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14 ways Indian audiences are re-imagining consumer brands of the future

How does a country like India straddle its ancient spiritual wisdom and modern consumerist aspirations?

Vinay Dora
28th Feb 2019
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For far too long consumerism in a spiritual nation like India has had an uneasy narrative to follow. However, today, thanks to various success stories, including those via Indian spiritual leaders, we are showing the world that one's spiritual inclinations can definitely co-exist with the desire to pursue comfortable lifestyles, as well as in building, purchasing, and promoting newer brands.


Supported by recent trends in rising household incomes, India’s rural consumption is growing faster than its urban counterparts, and India’s FMCG sector is expected to cross $100 billion by 2020. Just as T20 cricket can coexist with the purest form of cricket, so can modern consumerism with the great traditions of spirituality.


Below are some of my learnings from Kalaari Capital’s ‘T20 Consumerism: Reimaging Consumer Brands for Future’ summit. The event brought together 150+ consumer brands, start-ups, ecosystem enablers, brand specialists, corporate CEOs and investors with the objective of ensuring cross-pollination for brand insights as well as inspiration from the doers.


What is T20 Consumerism?


Are we T20 Consumers?

According to Sreedhar Prasad, Venture Partner at Kalaari Captial, who coined the term ‘T20 Consumerism’, the wide Indian Consumer Class dons many hats while connecting to brands. They are digitally influenced consumers with a smartphone, a wallet to spend, and an intent to try new brands for their multiple needs.


Moonshot thinking - Products showcased in TV series from the sixties, like Star Trek and Jetsons - tablet computers, driverless vehicles, AI-based voice activations, and virtual reality devices are now a reality. Nothing stops innovators from bringing to life more such products, and in consumers expecting them.


Change before you have to - Google India’s Vikas Agnihotri believes today’s millennial generation have a healthy disregard for doing what might have seemed impossible for many, and therefore it was critical from brands to be early adopters of change.


The mobile revolution is on - With 380 million Indians currently on smartphones, a monthly data usage of 8GB per subscriber, and 75 percent of all mobile traffic being on online videos, the mobile numbers have been and will continue to surge rapidly across India.


Magical experiences matter - Today's empowered consumer’ is iImpatient, demanding, and curious. According to Google, 61 percent of these consumers expect various brands to tailor experiences based on their preferences.


From insight to foresight -

Companies like Google shared their knowledge with the Indian government and helped them decide where to build their next 100 airports in India. The same sort of learnings have also helped commercial establishments decide where to set up shops.


Leveraging deep technology - Brands are increasingly taking advantage of latest technologies and talent in deep tech like machine learning and artificial intelligence to find solutions to everyday problems.


Reaching more people - Brands like IKEA essentially aim to engage the large segment of population that have big dreams and small wallets. Brands will do well to find their core audience segment after understanding their consumer aspirations better.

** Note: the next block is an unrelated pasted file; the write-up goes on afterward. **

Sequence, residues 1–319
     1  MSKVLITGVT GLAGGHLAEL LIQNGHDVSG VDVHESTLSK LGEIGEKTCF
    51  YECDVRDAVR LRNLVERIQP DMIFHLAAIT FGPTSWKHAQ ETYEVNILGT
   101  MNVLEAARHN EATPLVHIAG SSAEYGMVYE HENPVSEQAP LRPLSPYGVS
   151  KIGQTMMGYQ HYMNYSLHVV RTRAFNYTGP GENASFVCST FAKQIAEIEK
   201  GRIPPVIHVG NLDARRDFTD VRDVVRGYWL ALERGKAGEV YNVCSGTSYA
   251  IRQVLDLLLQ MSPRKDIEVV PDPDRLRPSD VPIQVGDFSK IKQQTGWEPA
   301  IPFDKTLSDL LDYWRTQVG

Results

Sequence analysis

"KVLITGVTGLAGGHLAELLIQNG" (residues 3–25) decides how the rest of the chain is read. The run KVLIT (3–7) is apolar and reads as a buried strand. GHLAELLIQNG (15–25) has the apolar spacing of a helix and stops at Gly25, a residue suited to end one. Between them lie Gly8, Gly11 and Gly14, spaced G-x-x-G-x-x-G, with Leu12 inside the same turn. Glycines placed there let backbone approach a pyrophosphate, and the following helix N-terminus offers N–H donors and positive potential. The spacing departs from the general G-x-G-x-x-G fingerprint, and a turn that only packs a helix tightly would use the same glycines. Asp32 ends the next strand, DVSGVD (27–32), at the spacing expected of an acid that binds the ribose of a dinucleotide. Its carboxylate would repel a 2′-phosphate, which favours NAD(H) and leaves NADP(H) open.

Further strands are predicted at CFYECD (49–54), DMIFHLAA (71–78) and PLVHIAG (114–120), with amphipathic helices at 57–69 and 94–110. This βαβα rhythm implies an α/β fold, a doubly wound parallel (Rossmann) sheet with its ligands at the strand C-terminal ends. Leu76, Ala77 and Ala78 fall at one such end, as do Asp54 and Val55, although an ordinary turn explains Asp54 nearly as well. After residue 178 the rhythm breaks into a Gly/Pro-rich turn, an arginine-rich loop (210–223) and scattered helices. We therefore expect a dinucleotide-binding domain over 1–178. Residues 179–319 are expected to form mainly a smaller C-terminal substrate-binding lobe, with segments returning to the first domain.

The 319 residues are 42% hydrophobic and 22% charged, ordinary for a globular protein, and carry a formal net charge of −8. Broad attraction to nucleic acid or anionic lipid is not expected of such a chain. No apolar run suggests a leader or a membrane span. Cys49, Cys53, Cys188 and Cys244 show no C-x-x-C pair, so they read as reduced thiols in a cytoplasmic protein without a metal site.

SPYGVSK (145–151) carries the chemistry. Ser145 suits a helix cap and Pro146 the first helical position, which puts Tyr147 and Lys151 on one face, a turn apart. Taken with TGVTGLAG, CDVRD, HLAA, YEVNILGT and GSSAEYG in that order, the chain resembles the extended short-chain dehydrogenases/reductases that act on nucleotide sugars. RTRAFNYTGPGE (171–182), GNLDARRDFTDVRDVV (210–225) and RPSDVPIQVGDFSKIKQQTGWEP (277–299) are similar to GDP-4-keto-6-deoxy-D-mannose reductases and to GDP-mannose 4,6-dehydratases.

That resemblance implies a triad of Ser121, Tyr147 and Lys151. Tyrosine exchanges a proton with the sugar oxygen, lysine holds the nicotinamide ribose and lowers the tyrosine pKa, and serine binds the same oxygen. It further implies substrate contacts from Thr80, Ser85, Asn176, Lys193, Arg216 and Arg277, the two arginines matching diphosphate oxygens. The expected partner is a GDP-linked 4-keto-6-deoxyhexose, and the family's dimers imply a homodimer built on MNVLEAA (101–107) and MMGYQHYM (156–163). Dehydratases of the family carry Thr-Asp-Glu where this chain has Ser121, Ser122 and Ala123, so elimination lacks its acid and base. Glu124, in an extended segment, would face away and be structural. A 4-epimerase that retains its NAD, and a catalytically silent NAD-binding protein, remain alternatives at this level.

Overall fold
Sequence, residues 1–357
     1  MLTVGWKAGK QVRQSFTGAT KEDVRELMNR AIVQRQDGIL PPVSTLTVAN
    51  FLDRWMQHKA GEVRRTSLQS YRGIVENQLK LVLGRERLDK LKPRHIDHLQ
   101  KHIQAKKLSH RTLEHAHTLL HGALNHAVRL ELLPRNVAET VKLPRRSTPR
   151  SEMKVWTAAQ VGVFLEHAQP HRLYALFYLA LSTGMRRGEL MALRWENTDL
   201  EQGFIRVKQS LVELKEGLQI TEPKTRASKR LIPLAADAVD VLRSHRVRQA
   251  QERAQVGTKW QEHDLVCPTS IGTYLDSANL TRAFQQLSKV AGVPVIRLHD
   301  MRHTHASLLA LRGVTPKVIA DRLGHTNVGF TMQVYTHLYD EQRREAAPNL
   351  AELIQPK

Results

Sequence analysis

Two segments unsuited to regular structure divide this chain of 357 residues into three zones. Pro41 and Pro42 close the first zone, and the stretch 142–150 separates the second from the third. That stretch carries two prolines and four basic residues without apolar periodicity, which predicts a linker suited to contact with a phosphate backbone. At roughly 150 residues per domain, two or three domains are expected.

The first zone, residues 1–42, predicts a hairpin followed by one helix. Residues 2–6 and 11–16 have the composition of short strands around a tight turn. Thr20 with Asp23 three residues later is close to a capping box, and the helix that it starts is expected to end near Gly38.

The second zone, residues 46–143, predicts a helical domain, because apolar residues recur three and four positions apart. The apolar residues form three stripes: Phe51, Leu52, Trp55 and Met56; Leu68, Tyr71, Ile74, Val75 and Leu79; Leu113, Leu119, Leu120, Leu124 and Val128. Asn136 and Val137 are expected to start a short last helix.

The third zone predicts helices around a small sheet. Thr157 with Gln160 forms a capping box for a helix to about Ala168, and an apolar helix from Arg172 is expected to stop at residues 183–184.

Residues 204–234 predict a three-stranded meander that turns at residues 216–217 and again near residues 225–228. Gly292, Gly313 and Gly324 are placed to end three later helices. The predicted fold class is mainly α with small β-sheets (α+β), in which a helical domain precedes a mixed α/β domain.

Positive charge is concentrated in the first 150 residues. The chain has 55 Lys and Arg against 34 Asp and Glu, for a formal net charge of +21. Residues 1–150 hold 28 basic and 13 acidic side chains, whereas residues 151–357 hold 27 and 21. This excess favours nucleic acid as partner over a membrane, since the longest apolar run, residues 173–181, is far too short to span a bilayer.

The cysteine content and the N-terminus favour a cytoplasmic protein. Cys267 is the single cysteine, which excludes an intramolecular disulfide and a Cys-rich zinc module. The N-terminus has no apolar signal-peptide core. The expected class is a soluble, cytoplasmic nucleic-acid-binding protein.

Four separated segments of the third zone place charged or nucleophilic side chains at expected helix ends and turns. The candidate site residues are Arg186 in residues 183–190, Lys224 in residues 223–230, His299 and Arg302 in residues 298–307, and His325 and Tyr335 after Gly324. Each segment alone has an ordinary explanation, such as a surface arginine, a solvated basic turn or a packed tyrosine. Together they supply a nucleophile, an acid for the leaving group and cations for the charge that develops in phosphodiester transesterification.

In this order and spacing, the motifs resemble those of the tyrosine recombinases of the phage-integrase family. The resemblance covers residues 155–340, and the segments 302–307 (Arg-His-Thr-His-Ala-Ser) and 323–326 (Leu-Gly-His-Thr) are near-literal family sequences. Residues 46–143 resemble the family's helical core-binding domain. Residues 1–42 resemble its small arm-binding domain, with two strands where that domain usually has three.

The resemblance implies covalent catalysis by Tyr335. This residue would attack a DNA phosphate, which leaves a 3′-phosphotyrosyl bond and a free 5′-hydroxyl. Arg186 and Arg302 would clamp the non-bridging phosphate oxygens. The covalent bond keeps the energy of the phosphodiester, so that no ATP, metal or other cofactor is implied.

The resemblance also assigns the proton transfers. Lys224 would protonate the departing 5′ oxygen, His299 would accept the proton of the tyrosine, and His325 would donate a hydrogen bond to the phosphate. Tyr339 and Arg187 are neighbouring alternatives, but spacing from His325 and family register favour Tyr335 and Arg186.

Decision-making in now local -

Peter Betzel of IKEA India shared how the company follows the culture of giving priority to local decision-making, and keeping in mind each region’s unique culture, habits and behavioural traits.


The ‘me’ mindset - Today, a large number of consumers, even though they may belong to the same family, give more prominence to their own individual tastes and interests. Hence these members tend to make dissimilar brand choices as compared to their previous generation.


Brands into problem-solving - Companies are proactively moving from a linear to a more multidimensional way of thinking - which is essentially thinking about addressing problems from multiple angles, and keeping in mind different points of views.


Moving from sellers to buyers market - Ex-Shoppers Stop MD Govind Shrikhande not only believes we are moving to a buyers market but also that businesses should move with greater velocity - with speed, direction, acceleration (or deceleration when needed) and discipline.


The power of the smartphone - Theresa Ronnie of FCB Ulka tweaked David Ogilvy’s earlier quote ‘the consumer is not an idiot, she is your wife’ into ‘the consumer is not an idiot, she also has a smartphone’.


Creating an offline feel - Wipro Consumer Care’s Vineet Agrawal felt more digital-first brands needed to offer better offline experiences and further increase product quality. Something that brands like Urban Ladder have managed to do really well.


Advert of young brand leaders - Samar Shekhawat, ex-United Breweries, trusts today’s young leaders will succeed by learning the art of staying humble and grounded, citing the example of entrepreneurial leaders like Ritesh Agarwal of OYO Rooms.


In conclusion, I truly believe India’s millennials, who are now privy to both ‘T20 consumerism’ and rediscovering their spiritual legacy, will set the tone for the future of brands - those that would be environment-friendly, obsessed over their customer experiences and impact-focused - including contributing to lift millions of people out of poverty.


How would you like to see your consumer brands of the future?


(Disclaimer: The views and opinions expressed in this article are those of the author and do not necessarily reflect the views of YourStory.) 

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